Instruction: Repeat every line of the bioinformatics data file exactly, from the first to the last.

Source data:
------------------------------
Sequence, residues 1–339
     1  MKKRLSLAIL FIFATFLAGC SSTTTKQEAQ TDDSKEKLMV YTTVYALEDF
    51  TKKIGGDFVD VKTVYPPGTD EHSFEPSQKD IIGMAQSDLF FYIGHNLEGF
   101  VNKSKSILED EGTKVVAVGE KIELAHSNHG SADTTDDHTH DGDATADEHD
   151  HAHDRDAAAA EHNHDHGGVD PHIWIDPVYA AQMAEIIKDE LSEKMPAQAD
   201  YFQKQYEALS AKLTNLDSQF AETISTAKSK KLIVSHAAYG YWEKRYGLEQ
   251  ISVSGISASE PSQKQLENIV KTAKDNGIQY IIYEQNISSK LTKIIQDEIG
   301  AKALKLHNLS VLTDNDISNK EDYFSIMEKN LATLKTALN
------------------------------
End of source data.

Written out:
Sequence, residues 1–339
     1  MKKRLSLAIL FIFATFLAGC SSTTTKQEAQ TDDSKEKLMV YTTVYALEDF
    51  TKKIGGDFVD VKTVYPPGTD EHSFEPSQKD IIGMAQSDLF FYIGHNLEGF
   101  VNKSKSILED EGTKVVAVGE KIELAHSNHG SADTTDDHTH DGDATADEHD
   151  HAHDRDAAAA EHNHDHGGVD PHIWIDPVYA AQMAEIIKDE LSEKMPAQAD
   201  YFQKQYEALS AKLTNLDSQF AETISTAKSK KLIVSHAAYG YWEKRYGLEQ
   251  ISVSGISASE PSQKQLENIV KTAKDNGIQY IIYEQNISSK LTKIIQDEIG
   301  AKALKLHNLS VLTDNDISNK EDYFSIMEKN LATLKTALN